Investigation of bubble distribution and evolution in solar cell quartz crucibles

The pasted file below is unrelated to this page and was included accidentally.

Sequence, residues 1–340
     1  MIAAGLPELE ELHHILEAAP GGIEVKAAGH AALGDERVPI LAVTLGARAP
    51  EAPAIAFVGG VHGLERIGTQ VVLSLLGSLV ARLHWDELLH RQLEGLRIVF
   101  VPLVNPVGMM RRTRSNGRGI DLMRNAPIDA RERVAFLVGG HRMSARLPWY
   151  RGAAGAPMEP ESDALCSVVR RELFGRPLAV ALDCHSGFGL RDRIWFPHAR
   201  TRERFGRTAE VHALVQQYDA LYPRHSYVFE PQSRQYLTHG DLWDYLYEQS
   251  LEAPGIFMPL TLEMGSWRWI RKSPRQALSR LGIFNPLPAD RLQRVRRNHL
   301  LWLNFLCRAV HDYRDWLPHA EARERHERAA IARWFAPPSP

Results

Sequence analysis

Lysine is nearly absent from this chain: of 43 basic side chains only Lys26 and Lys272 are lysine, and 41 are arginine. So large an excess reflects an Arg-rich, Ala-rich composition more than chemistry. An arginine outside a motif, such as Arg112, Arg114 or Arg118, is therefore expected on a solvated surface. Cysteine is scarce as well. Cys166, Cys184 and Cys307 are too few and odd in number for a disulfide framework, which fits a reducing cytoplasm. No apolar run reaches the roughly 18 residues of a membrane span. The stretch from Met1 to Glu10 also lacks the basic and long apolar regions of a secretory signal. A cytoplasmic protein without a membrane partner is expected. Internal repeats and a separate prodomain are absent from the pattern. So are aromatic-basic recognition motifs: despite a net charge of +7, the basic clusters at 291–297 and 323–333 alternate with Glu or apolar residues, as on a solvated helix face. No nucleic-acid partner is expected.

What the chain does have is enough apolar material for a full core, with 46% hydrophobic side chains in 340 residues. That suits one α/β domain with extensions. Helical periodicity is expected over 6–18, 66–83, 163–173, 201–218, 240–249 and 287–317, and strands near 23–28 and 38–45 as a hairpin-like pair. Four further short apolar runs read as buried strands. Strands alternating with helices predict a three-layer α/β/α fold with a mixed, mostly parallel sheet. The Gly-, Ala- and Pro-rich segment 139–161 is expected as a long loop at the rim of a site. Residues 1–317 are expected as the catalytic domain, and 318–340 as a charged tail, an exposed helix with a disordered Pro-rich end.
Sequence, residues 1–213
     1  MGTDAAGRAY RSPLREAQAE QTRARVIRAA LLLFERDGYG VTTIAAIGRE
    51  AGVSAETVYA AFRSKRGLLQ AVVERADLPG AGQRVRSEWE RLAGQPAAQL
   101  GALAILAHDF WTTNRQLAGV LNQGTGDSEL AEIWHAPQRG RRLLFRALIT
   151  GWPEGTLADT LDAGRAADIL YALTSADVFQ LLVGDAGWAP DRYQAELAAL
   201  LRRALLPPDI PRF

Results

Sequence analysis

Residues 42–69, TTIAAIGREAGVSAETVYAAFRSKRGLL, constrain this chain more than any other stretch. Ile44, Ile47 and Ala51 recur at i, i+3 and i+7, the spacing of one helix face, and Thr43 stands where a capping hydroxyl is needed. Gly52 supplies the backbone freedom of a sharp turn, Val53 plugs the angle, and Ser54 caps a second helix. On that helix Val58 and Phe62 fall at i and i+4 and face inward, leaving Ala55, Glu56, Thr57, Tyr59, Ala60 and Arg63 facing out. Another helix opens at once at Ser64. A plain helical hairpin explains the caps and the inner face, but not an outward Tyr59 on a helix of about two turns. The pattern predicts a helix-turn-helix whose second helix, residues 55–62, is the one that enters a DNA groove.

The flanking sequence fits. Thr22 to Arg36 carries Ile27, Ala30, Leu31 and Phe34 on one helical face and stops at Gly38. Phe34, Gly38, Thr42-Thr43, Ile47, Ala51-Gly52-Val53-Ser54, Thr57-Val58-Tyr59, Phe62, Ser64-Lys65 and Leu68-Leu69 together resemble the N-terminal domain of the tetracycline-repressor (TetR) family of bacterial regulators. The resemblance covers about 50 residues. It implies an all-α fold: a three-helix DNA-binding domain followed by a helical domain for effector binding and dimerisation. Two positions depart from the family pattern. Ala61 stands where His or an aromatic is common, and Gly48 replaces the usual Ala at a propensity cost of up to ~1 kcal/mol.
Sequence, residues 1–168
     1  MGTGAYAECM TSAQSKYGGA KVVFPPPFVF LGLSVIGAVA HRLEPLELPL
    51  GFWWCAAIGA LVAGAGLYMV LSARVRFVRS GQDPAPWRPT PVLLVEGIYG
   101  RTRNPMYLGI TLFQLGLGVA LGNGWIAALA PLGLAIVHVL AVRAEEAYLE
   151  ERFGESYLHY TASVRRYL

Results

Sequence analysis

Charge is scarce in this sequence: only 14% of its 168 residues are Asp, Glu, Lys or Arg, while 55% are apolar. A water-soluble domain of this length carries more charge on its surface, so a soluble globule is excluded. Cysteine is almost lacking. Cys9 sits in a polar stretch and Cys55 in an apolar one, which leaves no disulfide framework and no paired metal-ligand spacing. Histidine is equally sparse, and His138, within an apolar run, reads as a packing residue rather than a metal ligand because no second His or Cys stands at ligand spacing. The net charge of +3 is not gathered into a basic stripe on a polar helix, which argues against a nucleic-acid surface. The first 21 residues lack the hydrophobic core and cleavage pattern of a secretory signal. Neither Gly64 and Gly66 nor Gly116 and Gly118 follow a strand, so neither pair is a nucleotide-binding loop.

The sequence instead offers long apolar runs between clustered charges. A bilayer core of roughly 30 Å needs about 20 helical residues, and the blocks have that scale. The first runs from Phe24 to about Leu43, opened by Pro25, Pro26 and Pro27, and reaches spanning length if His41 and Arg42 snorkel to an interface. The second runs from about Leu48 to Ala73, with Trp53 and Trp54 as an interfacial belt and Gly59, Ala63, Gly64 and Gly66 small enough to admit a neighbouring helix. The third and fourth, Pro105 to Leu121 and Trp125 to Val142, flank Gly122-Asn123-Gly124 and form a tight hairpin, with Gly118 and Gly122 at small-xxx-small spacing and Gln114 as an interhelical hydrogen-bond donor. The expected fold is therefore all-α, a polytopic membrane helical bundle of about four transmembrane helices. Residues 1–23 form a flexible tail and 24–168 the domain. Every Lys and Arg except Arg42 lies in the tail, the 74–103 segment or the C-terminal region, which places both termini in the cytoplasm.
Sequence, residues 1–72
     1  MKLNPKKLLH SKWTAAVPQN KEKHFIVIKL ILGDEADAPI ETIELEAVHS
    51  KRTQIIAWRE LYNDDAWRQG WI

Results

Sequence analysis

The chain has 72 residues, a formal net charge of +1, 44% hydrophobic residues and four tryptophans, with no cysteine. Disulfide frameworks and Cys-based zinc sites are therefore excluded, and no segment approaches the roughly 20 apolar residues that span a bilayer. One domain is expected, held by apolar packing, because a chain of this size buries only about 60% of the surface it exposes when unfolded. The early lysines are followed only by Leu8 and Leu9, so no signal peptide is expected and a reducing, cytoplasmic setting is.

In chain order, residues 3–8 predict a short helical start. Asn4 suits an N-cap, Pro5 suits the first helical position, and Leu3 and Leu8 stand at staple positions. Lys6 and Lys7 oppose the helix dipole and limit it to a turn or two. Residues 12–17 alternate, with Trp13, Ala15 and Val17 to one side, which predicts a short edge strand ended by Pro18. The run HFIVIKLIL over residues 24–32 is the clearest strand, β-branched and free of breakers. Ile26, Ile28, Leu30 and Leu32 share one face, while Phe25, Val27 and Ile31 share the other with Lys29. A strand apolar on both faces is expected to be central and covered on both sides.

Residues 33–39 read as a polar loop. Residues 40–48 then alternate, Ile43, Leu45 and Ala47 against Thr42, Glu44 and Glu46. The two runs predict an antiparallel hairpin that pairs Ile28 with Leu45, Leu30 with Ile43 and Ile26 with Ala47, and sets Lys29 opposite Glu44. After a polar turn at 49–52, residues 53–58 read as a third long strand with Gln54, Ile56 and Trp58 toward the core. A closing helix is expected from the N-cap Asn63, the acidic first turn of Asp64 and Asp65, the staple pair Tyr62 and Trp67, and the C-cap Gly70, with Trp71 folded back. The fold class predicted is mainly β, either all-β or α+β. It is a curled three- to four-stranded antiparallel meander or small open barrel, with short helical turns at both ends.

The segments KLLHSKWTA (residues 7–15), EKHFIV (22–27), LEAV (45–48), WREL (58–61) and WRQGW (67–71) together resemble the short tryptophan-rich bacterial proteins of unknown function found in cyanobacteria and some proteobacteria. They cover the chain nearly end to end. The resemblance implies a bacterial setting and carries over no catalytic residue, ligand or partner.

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Quartz crucibles are, among other applications, used to produce monocrystalline silicon ingots for the solar cell industry. The crucibles must be of high purity as any gas bubbles or impurities close to the crucible-melt interface may end up in the silicon melt and influence the silicon ingot quality. This master thesis looks at three different fused quartz crucible types, including one reference. The crucibles have been compared with respect to bubble distribution and evolution which then have been related to their quartz sand quality and impurity content. The focus has been on the bubble distribution and evolution in the bubble free (BF) layer. Samples have been taken from the crucible wall and both new and industrially used samples were investigated. Heat treatments in a vertical gradient freeze (VGF) furnace and Czochralski puller have been performed to investigate the secondary bubble growth, the OH content and the micro-bubble formation as a function of heat treatment and crucible type. The results indicate that the sand quality, but also manually controlled processing steps such as crucible fusion, has influence on the bubble growth and BF layer bubble content. A reduction in OH content seems to correlate with increasing bubble growth. The reference (STD) crucible has the largest variation in bubble content and the largest average bubble growth for the samples studied in this work. Crucible B, which has the finest particle size distribution (PSD) and chemistry, seems to be the best choice for silicon ingot production as it experiences, on average, the lowest BF layer bubble growth and has the lowest density of bubbles below detection limit.